But after watching Porzingis play, you must spell his name correctly. Displaying a variety of skills which bring to mind the best of Dirk Nowitzki, Larry Bird, and Kevin Garnett, Zinger fills up a stat sheet with a plethora of points, rebounds and blocks. He has the offensive variety of Nowitzki, shoots fouls w/ Bird-type accuracy (85%), and rebounds and blocks shots like Garnett. In wins against Charlotte 11/17 and Houston 11/21, his lines were 29 points, 11 rebounds, and 1 block, and 24, 14, and 7, respectively. Here are his numbers over the last five games: 17.0 pts, 11.6 reb, 4.0 blocks, 85% FT, 35% FG3.

Porzingis starts at power forward with 7’ Robin Lopez at center. His range from the 3-point line is without limits. He gives new meaning to the term “stretch forward.” When Lopez sits, he’ll slide over to center, where he has displayed a lefty hook, a nifty drop step move, and several commanding put-back dunks.

Nowitzki has seen Porzingis develop as a youth in Europe. He pulls no punches:

“He is long. He is athletic. He’s got a touch. He can put it on the floor. He is for real. Sky’s the limit.”

Less than a quarter into the season, Porzingis has already spurred a mini Knick resurgence, on the court and among their fans, who are among the most loyal and passionate in sports. A New York sports fan in the 50’s and 60’s could follow up to three baseball teams and two NFL teams but only one NBA outfit. Most of them will tell you that the 1969-1970 and 1972-1973 Knicks, both NBA champs, were their most beloved sports team ever. The 90’s Knicks of Ewing, Oakley, Starks, Mason, and Sprewell were inspiring but not champions. After 15 years of bad basketball and 43 years without an NBA title, veteran Knicks fans, and the sons of Knicks fans, are ready to explode at a playoffs run.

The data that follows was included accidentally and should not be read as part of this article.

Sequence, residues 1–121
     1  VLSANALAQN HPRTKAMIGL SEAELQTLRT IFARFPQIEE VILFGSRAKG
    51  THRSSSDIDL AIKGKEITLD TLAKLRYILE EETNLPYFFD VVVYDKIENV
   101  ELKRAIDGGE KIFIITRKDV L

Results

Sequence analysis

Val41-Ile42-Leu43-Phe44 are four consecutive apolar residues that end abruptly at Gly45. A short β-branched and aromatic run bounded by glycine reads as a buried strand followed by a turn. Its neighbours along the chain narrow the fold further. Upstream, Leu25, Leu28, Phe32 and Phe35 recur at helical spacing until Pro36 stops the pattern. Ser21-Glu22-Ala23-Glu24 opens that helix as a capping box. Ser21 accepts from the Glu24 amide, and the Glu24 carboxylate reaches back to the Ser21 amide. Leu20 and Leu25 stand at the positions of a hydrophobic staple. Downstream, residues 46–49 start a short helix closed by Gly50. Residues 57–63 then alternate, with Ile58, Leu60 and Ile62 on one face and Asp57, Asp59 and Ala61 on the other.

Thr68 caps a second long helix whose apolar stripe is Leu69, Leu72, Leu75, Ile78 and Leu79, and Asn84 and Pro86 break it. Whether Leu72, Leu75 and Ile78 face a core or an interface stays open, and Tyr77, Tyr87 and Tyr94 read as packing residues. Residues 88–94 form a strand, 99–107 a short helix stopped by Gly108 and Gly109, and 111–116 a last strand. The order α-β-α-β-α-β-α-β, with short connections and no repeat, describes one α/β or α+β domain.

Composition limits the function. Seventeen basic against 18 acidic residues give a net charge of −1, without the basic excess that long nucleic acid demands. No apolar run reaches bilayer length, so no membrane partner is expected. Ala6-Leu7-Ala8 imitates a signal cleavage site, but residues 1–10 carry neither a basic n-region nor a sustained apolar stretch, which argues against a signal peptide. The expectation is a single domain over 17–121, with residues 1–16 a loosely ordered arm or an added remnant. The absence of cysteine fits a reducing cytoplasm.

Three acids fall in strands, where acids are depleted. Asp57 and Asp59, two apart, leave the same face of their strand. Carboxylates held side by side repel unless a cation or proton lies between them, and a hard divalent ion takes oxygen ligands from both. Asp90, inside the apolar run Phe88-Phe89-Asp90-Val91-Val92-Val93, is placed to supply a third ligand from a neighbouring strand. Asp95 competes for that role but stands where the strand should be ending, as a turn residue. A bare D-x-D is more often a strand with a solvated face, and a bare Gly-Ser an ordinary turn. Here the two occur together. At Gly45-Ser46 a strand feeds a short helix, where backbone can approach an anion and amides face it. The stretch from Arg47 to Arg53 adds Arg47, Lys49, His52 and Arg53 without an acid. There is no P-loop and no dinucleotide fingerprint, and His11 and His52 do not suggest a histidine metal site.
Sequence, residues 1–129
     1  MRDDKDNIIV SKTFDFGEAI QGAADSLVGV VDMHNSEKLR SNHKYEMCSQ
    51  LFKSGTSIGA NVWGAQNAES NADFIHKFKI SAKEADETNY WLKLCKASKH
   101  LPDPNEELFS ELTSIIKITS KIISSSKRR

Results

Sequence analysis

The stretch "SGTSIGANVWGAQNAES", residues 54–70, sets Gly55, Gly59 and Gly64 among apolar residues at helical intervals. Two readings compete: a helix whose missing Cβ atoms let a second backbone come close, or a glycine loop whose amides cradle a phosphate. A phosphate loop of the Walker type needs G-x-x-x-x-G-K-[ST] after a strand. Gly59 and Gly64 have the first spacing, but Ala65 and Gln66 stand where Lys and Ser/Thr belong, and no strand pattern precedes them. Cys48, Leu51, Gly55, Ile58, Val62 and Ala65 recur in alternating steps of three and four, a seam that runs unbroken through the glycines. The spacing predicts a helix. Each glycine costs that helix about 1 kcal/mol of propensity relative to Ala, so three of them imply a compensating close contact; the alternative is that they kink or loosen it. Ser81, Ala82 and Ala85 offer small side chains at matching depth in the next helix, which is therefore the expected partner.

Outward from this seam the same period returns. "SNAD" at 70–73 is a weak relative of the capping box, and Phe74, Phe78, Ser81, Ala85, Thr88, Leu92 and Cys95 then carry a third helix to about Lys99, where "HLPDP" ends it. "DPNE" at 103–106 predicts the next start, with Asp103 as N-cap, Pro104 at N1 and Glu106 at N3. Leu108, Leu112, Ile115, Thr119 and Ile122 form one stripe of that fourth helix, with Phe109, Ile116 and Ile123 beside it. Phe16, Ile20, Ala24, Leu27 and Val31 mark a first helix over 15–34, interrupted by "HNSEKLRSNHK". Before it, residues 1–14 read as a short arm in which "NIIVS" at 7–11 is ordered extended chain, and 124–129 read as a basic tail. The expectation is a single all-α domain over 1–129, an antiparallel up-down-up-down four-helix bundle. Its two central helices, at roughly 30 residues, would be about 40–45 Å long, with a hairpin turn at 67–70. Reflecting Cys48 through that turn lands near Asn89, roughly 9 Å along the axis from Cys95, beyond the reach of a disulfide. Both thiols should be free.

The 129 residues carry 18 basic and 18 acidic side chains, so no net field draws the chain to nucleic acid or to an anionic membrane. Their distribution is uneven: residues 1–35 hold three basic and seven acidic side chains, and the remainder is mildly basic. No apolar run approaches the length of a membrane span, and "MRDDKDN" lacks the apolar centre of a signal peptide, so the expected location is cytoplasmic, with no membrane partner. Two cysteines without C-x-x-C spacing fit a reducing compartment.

And New Yorkers waste no time in anointing talented newcomers as superstars. Remember Linsanity? After a string of 20-point games off the bench and then as a starter in early 2012, Jeremy Lin became a cult hero. His jersey retailed for $250 and he appeared twice on the cover of Sports Illustrated. His luster dimmed by a season-ending leg injury and by a lack of support from Carmelo Anthony, Lin left as a free agent in the off-season.

Porzingis will be more lasting. Barring injury, he is going to be a franchise cornerstone for years to come, like Ewing. But New Yorkers need a catchword, a hashtag, to provide a short form identification for their hero. Early contenders are Zinger (my choice, which Porzingis has rejected), Godzingis, Porzilla, and KP. Bland though it may be, KP is the leader in the clubhouse, and has been adopted by teammates and by Knick announcer Walt Frazier.

Porzingis in dunk mode.

Porzingis is not the only reason for the Knicks’ fast start.

The Knicks started 8-6, including back to back road wins at Oklahoma City and Houston. A recent four game losing streak has not diminished their obvious upgrade over last year’s 17-65 team, which was far too reliant on Anthony. Porzingis accounts for much of the betterment, and his presence permits Anthony to shoot less, and more discreetly; but there are other new pieces.

Off their lousy 2014-2015 record, the Knicks were not attractive to top free agents, such as Greg Monroe, LaMarcus Aldridge, and DeAndre Jordan. Having drafted Porzingis and point guard Jerian Grant in the first round, Boss Phil Jackson went shopping among lesser free agents to achieve value and team symmetry. He found both.